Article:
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autocar

n.

1895, from auto- + car.

Which is it to be? We observe that the London Times has lent the weight of its authority to the word "autocar," which it now prints without the significant inverted commas but with a hyphen, "auto-car." We believe that the vocable originated with a journal called the Hardwareman, which succeeded in obtaining the powerful support of the Engineer for its offspring. As for ourselves, being linguistic purists, we do not care for hybrid constructions--"auto" is Greek, while "car" is Latin and Celtic. At the same time, such clumsy phrases as "horseless carriages," "mechanical road carriages," and "self-propelled vehicles" are not meeting with general favour. Why not therefore adopt the philogically sound "motor-car," which could be run into a single word, "motorcar"? ["The Electrical Engineer," Dec. 20, 1895]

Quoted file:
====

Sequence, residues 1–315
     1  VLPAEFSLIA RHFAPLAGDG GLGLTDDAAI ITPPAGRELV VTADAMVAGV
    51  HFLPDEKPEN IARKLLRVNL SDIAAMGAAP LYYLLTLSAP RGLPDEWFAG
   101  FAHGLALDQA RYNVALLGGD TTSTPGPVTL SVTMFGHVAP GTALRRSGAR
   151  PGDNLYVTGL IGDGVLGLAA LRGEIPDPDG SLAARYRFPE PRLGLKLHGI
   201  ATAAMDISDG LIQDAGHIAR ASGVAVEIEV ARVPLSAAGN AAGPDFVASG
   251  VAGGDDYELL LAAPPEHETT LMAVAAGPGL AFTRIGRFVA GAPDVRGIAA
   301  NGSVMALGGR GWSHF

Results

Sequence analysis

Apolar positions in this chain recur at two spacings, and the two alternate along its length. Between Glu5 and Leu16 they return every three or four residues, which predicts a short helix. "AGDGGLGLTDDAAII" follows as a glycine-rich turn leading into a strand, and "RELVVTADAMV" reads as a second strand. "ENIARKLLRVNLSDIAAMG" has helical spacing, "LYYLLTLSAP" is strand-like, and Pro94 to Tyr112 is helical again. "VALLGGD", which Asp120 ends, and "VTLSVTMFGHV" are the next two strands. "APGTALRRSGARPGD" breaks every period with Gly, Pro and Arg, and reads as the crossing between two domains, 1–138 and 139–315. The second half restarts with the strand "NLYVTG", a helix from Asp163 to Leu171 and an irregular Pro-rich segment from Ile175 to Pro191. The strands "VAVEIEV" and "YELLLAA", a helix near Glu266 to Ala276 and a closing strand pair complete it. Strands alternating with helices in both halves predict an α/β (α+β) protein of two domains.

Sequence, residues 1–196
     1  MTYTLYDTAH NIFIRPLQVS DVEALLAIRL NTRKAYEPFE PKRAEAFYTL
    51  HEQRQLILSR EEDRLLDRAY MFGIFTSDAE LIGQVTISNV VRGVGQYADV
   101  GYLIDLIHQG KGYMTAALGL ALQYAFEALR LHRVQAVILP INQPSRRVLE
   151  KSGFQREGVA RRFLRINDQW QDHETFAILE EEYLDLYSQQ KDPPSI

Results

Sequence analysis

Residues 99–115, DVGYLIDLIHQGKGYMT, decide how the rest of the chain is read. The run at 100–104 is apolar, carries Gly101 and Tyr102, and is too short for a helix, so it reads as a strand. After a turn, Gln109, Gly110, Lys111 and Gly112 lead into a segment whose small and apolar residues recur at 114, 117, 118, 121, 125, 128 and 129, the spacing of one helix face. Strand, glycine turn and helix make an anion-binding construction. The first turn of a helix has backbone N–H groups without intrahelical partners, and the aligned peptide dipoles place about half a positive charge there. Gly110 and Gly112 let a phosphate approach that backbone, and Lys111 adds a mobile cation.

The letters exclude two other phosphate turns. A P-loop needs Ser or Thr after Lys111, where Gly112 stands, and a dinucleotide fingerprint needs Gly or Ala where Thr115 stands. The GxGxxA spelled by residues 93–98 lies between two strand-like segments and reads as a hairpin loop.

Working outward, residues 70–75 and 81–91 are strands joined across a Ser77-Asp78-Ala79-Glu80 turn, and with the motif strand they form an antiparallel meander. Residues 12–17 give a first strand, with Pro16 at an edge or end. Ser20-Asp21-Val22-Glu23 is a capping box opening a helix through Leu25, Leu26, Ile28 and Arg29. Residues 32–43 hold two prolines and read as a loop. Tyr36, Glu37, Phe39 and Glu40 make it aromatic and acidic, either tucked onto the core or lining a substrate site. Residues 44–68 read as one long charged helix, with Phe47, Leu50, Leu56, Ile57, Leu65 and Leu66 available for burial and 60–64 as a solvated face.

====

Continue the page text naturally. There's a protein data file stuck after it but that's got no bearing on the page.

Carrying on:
Online Etymology Dictionary, © 2010 Douglas Harper
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Examples from the Web for autocar
Historical Examples
  • Stepping from the autocar, Sethos felt the night breeze on his face.

    The Genius Con Pederson
  • You'll be followed by an autocar that will pick you up whenever you get tired.

    The Genius Con Pederson

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